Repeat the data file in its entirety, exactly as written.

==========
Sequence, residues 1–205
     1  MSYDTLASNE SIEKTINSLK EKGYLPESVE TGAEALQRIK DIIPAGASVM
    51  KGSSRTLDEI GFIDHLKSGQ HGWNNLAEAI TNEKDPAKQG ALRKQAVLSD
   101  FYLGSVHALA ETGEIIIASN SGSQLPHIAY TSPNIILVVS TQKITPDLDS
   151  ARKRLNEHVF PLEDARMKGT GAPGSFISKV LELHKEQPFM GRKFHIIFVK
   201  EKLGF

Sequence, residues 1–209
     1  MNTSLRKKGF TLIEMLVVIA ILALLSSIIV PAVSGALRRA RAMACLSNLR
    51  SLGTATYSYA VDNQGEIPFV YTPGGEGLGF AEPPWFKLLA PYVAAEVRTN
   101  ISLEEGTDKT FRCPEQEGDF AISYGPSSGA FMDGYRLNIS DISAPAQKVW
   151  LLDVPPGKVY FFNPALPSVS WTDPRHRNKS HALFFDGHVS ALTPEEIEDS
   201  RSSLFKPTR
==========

Sequence, residues 1–205
     1  MSYDTLASNE SIEKTINSLK EKGYLPESVE TGAEALQRIK DIIPAGASVM
    51  KGSSRTLDEI GFIDHLKSGQ HGWNNLAEAI TNEKDPAKQG ALRKQAVLSD
   101  FYLGSVHALA ETGEIIIASN SGSQLPHIAY TSPNIILVVS TQKITPDLDS
   151  ARKRLNEHVF PLEDARMKGT GAPGSFISKV LELHKEQPFM GRKFHIIFVK
   201  EKLGF

Sequence, residues 1–209
     1  MNTSLRKKGF TLIEMLVVIA ILALLSSIIV PAVSGALRRA RAMACLSNLR
    51  SLGTATYSYA VDNQGEIPFV YTPGGEGLGF AEPPWFKLLA PYVAAEVRTN
   101  ISLEEGTDKT FRCPEQEGDF AISYGPSSGA FMDGYRLNIS DISAPAQKVW
   151  LLDVPPGKVY FFNPALPSVS WTDPRHRNKS HALFFDGHVS ALTPEEIEDS
   201  RSSLFKPTR